This year, Texas got cold — really cold. It’s been 72 years since the Dallas area saw minus 2 degrees like it did in February, when winter storm Uri hit North America. Texas residents were slammed, and the state was unprepared.
“The storm was the worst to hit Texas in decades,” says Scott Waldo, president of Platinum Pools, which serves the Houston area. “The power crisis [during the storm] left hundreds of thousands of people without power or water to their homes. Millions of dollars in damages were suffered by Texas residents.”
Landon Brumfield, owner of Fiesta Pool Services in San Antonio, says he and his team were initially skeptical of the huge wave of winter weather. And Grant Evans, vice president of The Pool Surgeon in Fairview, Texas, says the storm was unprecedented and the ensuing chaos unforeseeable. Texas is still in recovery mode.
“As a pool repair company, we’re now faced with a chain reaction of events and scenarios that had never previously crossed my mind,” Evans says.
Eye of the Storm
On Thursday, February 11, Patriot Pool & Spa in Austin, Texas, sent all employees home at noon. Branch manager Nathan White lost power in his home that night. The next day, Patriot’s crew worked a half day in the afternoon, but that was the last time the company moved trucks for over a week.
“Our customer service suffered tremendously,” White says of the first week of the storm. “With 80% of our staff having limited access to power, water, Wi-Fi and cell service, we were extremely slow to catch up with the 20 times higher than normal — that’s not an exaggeration — call and email volume that started February 12.”
By the second day of freezing weather, with reports of more on the way, Brumfield was discussing with upper management how Fiesta Pool Services was going to support its team in a time without work. “We decided to pay our personnel through the weather to ease their minds and keep morale high,” he says. “We realized quickly that we made the right decision because many of our team were without power and water due to the infrastructure failure in our state.”
The Texas power grid was seconds from complete failure during the storm, leaving nearly 5 million without power and upwards of 15 million without water by February 19. The impact on the pool industry was immediate.
“It’s hard to combat powerless equipment and multiple days with freezing weather,” Brumfield says. Fiesta Pool Services sent mass emails to clients advising them what to do to try and prepare for possible damage by winterizing as best as possible. “Most clients were just trying to figure out how to get water and power for their families,” he adds. “I’m sure the pool was a non-priority [at the time].”
Even for those who did prepare their equipment ahead of time, or tried to mitigate damage during the storm, it had little effect. Patriot Pool reports that over 90% of its customer base has pool equipment damage ranging from total equipment loss to very small leaks, and everything in between.
“The way freeze protection for pools has worked in Central Texas for as long as anyone can remember is simply running pumps while the temperature is 32 degrees or less,” White says, which works to prevent PVC from freezing or cracking, and reduces cold weather damage drastically. But without consistent residential power and water, he says, freeze prevention tactics don’t work. Even those with power and water functioning the whole time weren’t immune to pool damage, White adds.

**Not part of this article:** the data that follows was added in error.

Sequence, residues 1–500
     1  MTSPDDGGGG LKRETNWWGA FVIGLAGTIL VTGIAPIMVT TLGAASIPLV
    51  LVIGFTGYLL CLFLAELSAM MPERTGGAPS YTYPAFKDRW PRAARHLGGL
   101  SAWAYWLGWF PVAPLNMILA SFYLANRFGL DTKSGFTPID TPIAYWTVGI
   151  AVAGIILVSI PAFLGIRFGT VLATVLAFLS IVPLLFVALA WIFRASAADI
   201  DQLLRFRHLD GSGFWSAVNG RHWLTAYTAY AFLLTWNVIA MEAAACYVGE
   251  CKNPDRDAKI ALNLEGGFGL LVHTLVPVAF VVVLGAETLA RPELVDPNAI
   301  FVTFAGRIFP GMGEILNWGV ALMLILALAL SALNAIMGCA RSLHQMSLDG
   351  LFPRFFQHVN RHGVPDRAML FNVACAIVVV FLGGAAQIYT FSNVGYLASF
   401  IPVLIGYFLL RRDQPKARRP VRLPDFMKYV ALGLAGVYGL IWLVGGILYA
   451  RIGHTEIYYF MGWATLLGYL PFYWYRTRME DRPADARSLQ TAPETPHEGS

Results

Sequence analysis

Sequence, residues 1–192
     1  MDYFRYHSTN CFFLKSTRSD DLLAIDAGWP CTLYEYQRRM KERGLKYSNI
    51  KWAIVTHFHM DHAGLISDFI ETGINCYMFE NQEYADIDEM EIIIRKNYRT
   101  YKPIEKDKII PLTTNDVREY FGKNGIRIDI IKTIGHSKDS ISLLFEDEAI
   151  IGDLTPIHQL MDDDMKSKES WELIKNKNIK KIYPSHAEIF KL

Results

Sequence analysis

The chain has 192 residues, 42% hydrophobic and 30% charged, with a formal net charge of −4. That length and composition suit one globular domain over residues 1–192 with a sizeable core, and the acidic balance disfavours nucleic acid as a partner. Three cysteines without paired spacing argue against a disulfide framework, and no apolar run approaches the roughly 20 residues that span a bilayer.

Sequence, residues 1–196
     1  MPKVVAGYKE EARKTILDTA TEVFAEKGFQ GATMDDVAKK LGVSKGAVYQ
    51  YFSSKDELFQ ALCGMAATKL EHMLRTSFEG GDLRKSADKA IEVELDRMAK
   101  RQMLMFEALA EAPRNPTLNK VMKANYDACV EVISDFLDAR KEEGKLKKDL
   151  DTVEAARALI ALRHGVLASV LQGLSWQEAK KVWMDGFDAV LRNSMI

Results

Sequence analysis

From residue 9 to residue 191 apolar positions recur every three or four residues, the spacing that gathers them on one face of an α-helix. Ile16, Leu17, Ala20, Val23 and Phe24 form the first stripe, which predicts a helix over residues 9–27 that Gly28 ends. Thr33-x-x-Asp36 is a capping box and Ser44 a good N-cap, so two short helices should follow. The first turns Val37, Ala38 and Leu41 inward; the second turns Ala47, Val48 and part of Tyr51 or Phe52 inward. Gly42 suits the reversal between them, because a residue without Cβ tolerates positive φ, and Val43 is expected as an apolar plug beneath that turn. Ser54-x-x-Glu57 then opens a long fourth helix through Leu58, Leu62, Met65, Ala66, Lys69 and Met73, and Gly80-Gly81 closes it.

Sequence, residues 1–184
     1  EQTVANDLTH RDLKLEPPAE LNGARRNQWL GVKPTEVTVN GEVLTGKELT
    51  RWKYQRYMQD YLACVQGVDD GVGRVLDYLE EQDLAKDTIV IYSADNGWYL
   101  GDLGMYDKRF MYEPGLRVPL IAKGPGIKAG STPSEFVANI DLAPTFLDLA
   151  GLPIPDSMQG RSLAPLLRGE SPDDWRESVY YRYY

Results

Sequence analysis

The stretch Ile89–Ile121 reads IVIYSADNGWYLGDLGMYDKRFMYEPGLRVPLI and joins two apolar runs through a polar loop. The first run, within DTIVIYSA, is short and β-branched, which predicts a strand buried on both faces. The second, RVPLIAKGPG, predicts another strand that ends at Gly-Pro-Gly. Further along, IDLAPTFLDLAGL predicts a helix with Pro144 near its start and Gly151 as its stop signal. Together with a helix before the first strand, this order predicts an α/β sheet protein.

Platinum Pools was flooded with calls in the four days leading up to storm with concerns about how the weather would affect pool equipment, Waldo says. The company sent emails detailing ways homeowners could try and prepare their pool equipment for the storm. The damage calls started the day the storm hit and haven’t let up as of the writing of this article. Hundreds of Platinum Pools’ clients sustained freeze damage to pool equipment, the most expensive being heaters, Waldo adds, but also pumps, check valves, chlorinators and vacuum breakers.
At The Pool Surgeon, technicians and internal staff alike were fielding phone calls, emails and text messages from 7 a.m. to 10 p.m. every day during the storm, Evans says. Team members posted on community forums and social media platforms providing residents with their personal contact information.
The volume of calls that week and the weeks that followed was so great that Evans had to assign one person to calls and one to the schedule, but they still couldn’t keep up. “We would be on the phone, and five other people would be calling simultaneously,” he says. “There is only one phone line for our company… you couldn’t check the voicemail because calls continued to pour in. We saw the list of calls [to return] piling up but, honestly, you feel helpless in the circumstances.”
Evans says the full extent of damage didn’t set in until days after the initial surge. “Prolific would be an understatement,” he says. “We all were coming together with the understanding that, like so many times in the last year, things were going to change and we needed to shift our scope accordingly.”
Fiesta Pool Services completed over 300 service calls the first week after the storm, prioritizing the company’s 1,500 route customers as best as possible, then moving on to mission critical failures for commercial and residential properties for new customers.
Blue Haven Pools in Tyler, Texas, used a triage approach to handle roughly 200 repairs in the first weeks following the storm, says R’nelle Lazlo, vice president of national marketing and business development for the company. “First they focused only on getting the pools up and running — filtering and circulating,” she says. “For other issues like a busted heater or waterfall not working, they made plans to return and assess in the future. That way they quickly got to as many customers as possible to prevent further harm to their pools.”
Lazlo says it’s also been stressful for the Texas office to deal with customer misconceptions that equipment warranties cover freeze damage and telling them to file a claim with their homeowners’ insurance instead.
Platinum Pools had a similar approach to Blue Haven for initial repairs: Focus on stopping leaks and getting pools circulating by bypassing heaters or other broken equipment that could wait for repair, Waldo says.